Despite 50 years of efforts to reduce lead exposure, the situation continues to be a significant public health problem for many Americans. More than 250,000 children in the U.S. show elevated levels of lead in their blood, and the annual costs for poisoning exceeds $43 billion. Sadly, the issue balloons on an international scale.
[Photo: Dean Tomás R. Guilarte]
As principal investigator of a study funded by the National Institute of Environmental Health Sciences (NIEHS), Dr. Tomás R. Guilarte, dean of Florida International University’s (FIU) Robert Stempel College of Public Health and Social Work, has discovered a potential therapy that could reverse the heavy metal’s harmful effects in children.
Lead poisoning disrupts synaptic processes by blocking the chemical signals sent between neurons, which connect to one another through a tiny gap called a synapse. Brain-derived neurotrophic factor (BDNF) is necessary to promote the survival of these synapses and requires calcium to work. Lead inhibits N-methyl-D-aspartate (NMDA) receptor mediated calcium entry into neurons restricting the production of BDNF and weakening the synapses over time.
The new research demonstrates that activation of TrkB receptors, the cognate receptor for BDNF by 7,8-Dihydroxyflavone (7,8-DHF), can reverse the long-term effects of lead exposure on neurotransmitter release in synapses. For more information, see “7,8-Dihydroxyflavone Rescues Lead-Induced Impairment of Vesicular Release: A Novel Therapeutic Approach for Lead Intoxicated Children” which was published in the October 2017 issue of Toxicological Sciences, the official journal of the Society of Toxicology.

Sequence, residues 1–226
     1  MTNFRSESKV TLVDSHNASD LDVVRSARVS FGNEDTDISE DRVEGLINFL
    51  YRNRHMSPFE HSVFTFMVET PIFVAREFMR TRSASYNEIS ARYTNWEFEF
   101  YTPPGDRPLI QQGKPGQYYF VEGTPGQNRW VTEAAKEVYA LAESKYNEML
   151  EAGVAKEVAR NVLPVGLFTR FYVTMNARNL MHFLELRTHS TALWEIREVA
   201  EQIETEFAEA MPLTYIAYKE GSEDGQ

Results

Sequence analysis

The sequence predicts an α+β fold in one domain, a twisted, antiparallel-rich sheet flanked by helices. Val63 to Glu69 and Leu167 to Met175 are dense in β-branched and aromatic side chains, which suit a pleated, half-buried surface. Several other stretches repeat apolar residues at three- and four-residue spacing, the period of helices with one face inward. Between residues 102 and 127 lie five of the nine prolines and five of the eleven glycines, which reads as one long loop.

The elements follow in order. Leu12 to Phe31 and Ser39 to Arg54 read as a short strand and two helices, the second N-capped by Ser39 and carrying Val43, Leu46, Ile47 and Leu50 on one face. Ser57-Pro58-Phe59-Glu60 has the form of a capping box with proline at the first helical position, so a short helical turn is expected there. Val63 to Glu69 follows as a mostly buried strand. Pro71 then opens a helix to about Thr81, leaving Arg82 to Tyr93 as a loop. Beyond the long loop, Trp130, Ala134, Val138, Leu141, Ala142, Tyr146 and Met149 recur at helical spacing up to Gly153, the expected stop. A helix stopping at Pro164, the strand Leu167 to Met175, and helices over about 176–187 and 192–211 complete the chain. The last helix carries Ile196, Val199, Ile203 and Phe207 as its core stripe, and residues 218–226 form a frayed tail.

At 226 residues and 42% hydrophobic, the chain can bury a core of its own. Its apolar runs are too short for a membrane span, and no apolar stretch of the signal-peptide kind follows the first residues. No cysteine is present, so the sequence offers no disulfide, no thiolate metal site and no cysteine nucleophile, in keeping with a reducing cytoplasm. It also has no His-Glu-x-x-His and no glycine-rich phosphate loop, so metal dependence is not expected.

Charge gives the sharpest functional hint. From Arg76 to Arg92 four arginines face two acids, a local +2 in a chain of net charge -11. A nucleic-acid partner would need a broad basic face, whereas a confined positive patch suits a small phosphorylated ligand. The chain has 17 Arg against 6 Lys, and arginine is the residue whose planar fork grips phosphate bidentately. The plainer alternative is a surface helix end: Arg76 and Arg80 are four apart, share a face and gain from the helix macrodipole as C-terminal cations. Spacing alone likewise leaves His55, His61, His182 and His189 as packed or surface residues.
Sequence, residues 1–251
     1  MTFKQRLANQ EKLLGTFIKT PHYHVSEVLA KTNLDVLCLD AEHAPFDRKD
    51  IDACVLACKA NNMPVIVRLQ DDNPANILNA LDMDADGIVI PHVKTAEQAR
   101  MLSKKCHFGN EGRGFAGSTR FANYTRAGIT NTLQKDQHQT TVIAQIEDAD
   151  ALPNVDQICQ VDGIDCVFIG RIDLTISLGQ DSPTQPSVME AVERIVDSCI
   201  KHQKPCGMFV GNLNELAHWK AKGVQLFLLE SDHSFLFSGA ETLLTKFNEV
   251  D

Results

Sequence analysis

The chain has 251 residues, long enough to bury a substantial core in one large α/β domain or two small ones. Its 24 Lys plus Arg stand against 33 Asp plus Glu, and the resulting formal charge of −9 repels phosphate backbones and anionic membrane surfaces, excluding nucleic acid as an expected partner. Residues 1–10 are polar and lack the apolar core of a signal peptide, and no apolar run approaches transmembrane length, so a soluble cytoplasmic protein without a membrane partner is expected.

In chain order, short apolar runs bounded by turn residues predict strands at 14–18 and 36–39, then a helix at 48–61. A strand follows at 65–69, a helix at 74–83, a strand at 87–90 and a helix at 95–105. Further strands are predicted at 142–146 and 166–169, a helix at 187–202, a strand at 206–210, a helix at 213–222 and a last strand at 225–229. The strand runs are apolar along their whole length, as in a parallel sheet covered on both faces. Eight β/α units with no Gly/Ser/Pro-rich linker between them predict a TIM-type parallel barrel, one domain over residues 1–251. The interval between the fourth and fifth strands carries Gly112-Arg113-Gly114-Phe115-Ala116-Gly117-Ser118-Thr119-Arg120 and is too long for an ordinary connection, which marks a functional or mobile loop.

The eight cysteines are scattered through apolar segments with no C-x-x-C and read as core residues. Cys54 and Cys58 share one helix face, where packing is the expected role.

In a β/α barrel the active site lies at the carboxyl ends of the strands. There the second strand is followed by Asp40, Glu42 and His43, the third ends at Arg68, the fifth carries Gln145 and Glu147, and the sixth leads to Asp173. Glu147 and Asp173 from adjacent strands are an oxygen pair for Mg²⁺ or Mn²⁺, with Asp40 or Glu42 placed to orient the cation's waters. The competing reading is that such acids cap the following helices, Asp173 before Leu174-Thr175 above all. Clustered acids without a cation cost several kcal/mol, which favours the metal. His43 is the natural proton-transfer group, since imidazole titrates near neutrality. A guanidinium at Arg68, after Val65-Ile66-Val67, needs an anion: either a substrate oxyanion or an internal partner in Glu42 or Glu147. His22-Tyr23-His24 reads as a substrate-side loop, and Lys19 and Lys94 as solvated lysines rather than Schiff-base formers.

This blockage is extremely detrimental to children because their brains are in a nonstop process of growth and development. Learning disabilities and behavioral problems are all possible consequences of synaptic dysfunction induced by lead.
The naturally-derived and safe 7,8-DHF molecule is able to cross the blood-brain barrier and establish a complete reversal of lead-induced impairments of synaptic dysfunction; Dr. Guilarte believes this is a beacon of hope for developing novel approaches for a permanent reversal of damage.
The next step for Dr. Guilarte’s research team is to demonstrate that 7,8-DHF also improves learning performance in the same animal model. Then, they will conduct a translational study from animals to humans.